How have African Americans voted over time? What types of candidates and issues have been effective in drawing people to vote? These are just two of the questions that The African American Electorate: A Statistical History attempts to answer by bringing together all of the extant, fugitive, and recently discovered registration data on African American voters from Colonial America to the present. This pioneering work also traces the history of the laws dealing with enfranchisement and disenfranchisement of African Americans and provides the election return data for African American candidates in national and subnational elections over this same time span. Combining insightful narrative, tabular data, and original maps, The African American Electorate offers students and researchers the opportunity, for the first time, to explore the relationship between voters and political candidates, identify critical variables, and situate African Americans’ voting behavior and political phenomena in the context of America’s political history.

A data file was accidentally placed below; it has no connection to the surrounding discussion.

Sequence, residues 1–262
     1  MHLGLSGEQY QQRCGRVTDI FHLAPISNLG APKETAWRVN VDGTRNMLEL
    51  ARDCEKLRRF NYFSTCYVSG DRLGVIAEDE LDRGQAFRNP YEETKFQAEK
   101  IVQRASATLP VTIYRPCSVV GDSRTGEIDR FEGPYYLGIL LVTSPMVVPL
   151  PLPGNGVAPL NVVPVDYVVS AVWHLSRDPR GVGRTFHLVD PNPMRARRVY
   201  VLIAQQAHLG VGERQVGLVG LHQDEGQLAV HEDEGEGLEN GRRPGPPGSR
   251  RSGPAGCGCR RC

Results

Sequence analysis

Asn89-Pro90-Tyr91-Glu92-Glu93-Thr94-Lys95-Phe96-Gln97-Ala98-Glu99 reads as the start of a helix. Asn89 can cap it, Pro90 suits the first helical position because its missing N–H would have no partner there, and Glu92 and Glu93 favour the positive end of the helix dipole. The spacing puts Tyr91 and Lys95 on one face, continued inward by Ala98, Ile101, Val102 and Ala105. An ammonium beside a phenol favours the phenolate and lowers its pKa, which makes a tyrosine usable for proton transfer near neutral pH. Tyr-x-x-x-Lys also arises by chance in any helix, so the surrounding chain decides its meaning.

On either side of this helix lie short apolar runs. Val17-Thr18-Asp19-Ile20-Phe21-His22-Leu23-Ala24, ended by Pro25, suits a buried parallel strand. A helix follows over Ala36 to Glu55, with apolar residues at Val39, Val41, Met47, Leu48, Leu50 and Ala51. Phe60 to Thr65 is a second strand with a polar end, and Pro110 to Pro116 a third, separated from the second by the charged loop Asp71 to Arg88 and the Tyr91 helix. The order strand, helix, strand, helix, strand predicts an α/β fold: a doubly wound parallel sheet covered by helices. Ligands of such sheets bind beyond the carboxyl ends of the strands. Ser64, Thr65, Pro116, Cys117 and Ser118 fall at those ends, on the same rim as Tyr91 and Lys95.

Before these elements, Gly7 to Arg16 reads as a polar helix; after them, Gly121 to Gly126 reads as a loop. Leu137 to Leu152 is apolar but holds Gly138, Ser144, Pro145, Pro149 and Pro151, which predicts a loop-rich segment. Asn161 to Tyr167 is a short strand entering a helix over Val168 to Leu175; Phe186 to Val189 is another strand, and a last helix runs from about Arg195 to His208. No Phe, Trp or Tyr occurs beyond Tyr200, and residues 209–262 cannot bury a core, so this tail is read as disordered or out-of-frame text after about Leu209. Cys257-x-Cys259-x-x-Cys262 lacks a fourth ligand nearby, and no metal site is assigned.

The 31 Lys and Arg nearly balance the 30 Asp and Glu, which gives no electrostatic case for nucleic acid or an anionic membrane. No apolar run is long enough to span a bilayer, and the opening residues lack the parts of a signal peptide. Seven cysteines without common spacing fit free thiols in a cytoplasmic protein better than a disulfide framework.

Chapter 19: African American Voters and Electoral Empowerment in the North, 1876–1944: A Mobilizer of the Re-enfranchisement Drive in the South

Chapter 19: African American voters and electoral empowerment in the north, 1876–1944: A mobilizer of the re-enfranchisement drive in the south

Passage and eventual ratification of the Fifteenth Amendment on February 3, 1870, secured its goal, as stated by historian William Gillette: “The primary object of the Amendment was to get the Negro vote in the North, not, ...

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